The Panza Collection Initiative
Over three hundred fifty works of Minimalist, Post-Minimalist, and Conceptual art
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With the support of a major grant from the Andrew W. Mellon Foundation, the Solomon R. Guggenheim Museum has launched an ambitious initiative to address the long-term preservation and future exhibition of artworks of the 1960s and 1970s. Led by curator and scholar Jeffrey Weiss and conservator Francesca Esmay, the Panza Collection Initiative (PCI) is focused on the extensive collection of Minimalist, Post-Minimalist, and Conceptual art that the museum acquired from Italian collector Giuseppe Panza di Biumo in 1991 and 1992.
The goal of the PCI is to ensure that these exceptional holdings are researched, preserved, and presented to the public with proper consideration for historical context, material integrity, and artistic intention. By evaluating specific cases in the collection, the initiative also aims to develop a broader framework through which to address the long-term sustainability of other variable, ephemeral, or fabrication-based artworks of this era. In its first three-year phase (2010–13), the PCI is concentrating on the work of five major artists, three living and two deceased, who are represented in the collection in depth: Dan Flavin (b. 1933, Jamaica, New York; d. 1996, Riverhead, New York), Bruce Nauman (b. 1941, Fort Wayne, Indiana), Robert Morris (b. 1931, Kansas City, Missouri), Donald Judd (b. 1928, Excelsior Springs, Missouri; d. 1994, New York), and Lawrence Weiner (b. 1942, Bronx, New York).
With the emergence of new art practices during the 1960s, the nature of art making—and the status of the artwork itself—experienced a dramatic historical shift. In place of existing conventions regarding medium and craft, artists came to substitute industrial materials for traditional ones and delegated fabrication to others. In some cases, the “object” was abandoned altogether in favor of diagrams and texts, instructions for events or projects, and proposed or imagined works. The ramifications were profound: an artwork was no longer necessarily crafted by the artist or given a fixed, permanent form. It could be executed by other hands and reconstituted or re-adapted to different spaces and circumstances, or it could exist solely in the form of a plan, to be produced at a later date.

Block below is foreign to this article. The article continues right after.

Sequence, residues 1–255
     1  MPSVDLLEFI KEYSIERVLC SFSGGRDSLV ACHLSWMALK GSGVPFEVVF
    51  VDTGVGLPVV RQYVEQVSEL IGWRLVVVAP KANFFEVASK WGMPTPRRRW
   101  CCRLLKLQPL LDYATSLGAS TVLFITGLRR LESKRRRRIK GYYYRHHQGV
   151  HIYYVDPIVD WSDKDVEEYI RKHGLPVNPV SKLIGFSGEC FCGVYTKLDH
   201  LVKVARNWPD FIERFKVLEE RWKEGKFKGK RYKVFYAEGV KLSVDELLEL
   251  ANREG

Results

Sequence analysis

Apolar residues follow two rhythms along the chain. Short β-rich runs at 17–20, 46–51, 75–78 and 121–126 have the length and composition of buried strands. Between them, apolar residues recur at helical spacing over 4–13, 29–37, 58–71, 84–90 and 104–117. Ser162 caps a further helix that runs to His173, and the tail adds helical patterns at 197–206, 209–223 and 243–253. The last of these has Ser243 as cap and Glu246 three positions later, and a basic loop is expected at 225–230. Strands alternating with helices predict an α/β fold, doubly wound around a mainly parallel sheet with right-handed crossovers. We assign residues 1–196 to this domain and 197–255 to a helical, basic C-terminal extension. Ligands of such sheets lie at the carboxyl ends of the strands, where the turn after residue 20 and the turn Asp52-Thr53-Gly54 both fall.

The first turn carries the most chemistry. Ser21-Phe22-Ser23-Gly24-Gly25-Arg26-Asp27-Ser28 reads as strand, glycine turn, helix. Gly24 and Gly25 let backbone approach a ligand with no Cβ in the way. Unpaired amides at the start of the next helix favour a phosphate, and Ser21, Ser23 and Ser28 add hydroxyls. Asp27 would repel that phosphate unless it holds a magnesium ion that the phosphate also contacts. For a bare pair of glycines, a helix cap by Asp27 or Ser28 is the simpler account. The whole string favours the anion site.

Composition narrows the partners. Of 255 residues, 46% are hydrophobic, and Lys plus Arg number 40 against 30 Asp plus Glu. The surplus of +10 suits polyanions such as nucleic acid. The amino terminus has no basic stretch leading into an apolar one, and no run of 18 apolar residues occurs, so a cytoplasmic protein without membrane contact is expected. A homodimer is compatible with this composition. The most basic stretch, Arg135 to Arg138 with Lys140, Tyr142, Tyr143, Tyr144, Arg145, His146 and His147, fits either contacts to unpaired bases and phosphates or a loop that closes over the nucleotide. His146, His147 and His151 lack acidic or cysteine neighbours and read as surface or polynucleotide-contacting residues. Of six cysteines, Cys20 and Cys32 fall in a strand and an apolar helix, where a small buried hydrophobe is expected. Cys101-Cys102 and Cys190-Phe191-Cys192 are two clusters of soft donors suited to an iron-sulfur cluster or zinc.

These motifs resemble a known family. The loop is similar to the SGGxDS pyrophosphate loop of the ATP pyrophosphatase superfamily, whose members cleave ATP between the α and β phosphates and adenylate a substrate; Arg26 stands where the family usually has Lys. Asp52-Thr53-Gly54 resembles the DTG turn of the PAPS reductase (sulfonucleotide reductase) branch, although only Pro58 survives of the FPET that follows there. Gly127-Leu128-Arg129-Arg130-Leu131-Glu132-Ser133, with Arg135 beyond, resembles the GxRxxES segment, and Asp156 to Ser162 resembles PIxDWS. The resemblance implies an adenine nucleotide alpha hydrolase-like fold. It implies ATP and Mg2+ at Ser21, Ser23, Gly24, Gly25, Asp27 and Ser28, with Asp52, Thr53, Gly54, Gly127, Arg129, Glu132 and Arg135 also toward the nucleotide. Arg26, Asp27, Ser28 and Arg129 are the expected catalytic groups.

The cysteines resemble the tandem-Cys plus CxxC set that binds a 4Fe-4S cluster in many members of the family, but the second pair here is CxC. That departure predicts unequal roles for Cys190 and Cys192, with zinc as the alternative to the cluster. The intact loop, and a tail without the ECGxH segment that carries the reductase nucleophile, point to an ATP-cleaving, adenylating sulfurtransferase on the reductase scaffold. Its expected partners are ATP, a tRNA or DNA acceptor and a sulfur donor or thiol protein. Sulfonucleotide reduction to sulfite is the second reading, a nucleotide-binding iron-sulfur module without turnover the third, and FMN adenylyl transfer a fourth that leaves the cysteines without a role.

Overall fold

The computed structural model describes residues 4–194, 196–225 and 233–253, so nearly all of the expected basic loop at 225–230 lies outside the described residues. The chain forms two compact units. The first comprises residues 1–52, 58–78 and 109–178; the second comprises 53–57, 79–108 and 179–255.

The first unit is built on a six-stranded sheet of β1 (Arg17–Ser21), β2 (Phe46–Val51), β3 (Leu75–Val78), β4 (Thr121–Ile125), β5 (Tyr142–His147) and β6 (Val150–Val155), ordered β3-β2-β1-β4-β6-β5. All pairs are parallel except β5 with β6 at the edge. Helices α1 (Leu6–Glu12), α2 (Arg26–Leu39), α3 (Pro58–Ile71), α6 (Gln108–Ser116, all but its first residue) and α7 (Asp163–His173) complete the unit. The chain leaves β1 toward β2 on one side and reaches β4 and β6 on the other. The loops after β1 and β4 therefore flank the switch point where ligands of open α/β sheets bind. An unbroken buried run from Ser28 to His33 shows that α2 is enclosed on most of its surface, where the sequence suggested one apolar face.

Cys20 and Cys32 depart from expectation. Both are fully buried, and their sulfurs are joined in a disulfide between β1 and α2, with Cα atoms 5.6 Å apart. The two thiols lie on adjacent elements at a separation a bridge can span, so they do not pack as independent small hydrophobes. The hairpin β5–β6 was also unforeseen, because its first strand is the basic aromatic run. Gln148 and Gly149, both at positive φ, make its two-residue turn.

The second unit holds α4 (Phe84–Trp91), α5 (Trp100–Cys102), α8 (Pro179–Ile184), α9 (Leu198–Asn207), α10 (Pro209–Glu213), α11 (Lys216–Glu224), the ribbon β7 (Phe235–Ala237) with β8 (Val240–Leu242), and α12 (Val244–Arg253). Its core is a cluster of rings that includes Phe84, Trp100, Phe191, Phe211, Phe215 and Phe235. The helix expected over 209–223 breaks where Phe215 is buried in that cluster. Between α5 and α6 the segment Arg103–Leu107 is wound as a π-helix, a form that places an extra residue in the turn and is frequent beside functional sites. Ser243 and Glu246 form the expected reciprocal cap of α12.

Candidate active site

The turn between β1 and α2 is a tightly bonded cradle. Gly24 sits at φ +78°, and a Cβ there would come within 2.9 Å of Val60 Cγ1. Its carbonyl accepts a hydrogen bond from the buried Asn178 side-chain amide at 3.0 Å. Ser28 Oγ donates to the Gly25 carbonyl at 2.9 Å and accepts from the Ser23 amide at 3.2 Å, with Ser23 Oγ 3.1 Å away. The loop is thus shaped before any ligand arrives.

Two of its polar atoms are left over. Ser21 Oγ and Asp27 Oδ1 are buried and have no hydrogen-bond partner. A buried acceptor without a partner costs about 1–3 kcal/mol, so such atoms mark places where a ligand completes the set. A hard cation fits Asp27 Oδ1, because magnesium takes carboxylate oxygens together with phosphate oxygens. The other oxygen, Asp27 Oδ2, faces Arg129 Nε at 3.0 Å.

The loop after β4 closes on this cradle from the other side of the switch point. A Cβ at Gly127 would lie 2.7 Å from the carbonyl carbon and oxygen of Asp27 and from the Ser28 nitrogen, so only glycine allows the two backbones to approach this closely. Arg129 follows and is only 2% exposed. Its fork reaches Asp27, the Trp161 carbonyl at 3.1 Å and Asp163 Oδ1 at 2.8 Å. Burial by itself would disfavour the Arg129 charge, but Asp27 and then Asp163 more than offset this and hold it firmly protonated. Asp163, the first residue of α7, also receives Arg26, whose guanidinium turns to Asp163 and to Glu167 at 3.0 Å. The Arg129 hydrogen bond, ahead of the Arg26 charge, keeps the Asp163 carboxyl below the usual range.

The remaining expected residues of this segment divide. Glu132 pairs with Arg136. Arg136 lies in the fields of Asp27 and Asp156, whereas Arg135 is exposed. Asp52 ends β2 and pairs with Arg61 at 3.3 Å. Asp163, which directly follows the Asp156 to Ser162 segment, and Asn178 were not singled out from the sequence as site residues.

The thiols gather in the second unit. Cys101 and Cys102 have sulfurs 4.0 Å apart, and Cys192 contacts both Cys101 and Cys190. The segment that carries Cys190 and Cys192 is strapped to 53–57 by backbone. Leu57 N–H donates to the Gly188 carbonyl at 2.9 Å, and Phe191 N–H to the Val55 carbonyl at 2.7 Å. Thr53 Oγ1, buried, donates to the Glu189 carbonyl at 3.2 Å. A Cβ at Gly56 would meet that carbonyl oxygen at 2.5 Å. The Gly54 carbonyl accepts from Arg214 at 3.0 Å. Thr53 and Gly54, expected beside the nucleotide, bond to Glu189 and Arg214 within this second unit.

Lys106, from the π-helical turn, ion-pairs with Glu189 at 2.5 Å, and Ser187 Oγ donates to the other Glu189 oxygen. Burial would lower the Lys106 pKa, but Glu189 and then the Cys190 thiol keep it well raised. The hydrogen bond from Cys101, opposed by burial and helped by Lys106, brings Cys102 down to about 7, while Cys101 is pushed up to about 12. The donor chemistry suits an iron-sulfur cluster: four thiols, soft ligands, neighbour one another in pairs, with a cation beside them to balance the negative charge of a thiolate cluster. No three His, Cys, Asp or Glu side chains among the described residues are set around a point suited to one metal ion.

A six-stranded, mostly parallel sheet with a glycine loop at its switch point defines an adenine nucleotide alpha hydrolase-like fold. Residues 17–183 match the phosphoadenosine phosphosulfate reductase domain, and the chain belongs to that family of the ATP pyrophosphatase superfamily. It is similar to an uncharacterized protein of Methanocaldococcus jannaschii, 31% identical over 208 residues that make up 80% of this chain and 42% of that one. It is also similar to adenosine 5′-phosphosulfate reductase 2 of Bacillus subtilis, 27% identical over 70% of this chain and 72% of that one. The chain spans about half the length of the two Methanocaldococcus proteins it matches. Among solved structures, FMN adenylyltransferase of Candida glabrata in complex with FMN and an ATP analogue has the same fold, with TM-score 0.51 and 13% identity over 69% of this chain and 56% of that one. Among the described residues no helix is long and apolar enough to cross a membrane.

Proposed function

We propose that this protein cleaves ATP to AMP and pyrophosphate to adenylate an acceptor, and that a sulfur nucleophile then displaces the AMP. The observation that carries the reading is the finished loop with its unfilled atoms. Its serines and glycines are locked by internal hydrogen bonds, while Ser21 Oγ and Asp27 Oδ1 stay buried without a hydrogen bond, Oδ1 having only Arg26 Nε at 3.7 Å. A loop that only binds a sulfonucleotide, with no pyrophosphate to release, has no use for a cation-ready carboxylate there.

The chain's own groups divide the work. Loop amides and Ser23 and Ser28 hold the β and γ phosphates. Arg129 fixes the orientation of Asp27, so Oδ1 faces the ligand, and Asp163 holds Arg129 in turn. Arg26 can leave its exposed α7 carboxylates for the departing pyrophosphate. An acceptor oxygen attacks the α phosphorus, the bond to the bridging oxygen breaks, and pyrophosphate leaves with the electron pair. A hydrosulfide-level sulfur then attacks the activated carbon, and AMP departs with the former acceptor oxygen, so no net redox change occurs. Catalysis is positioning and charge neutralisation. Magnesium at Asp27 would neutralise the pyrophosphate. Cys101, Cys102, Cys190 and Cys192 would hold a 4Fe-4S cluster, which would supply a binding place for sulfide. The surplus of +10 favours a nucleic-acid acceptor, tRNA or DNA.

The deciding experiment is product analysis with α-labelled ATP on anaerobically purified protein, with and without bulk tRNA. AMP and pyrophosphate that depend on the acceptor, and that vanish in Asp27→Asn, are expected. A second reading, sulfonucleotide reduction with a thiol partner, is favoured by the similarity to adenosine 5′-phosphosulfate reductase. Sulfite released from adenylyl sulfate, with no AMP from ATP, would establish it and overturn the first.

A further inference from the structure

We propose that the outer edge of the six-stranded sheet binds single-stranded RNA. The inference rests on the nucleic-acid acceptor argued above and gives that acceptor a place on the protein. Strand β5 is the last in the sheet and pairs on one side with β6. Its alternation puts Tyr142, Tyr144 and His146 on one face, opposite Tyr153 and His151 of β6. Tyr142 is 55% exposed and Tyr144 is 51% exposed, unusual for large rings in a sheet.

This shift represents an unusual practical challenge. In spite of the historical significance of Minimalist, Post-Minimalist, and Conceptual art, there is, for the most part, no true consensus on how to address the long-term preservation and display of such work. Traditional curatorial and conservation practices are often inadequate in dealing with art that is ephemeral, variable, or fabrication-based in nature. Further, these unorthodox approaches to art making raise difficult conceptual, ethical, and legal questions regarding authenticity, ownership, and interpretive rights. The lack of a clear methodology for managing these issues has left the fate of many works of the era uncertain; moreover, with the aging of the generation, access to primary information is increasingly limited.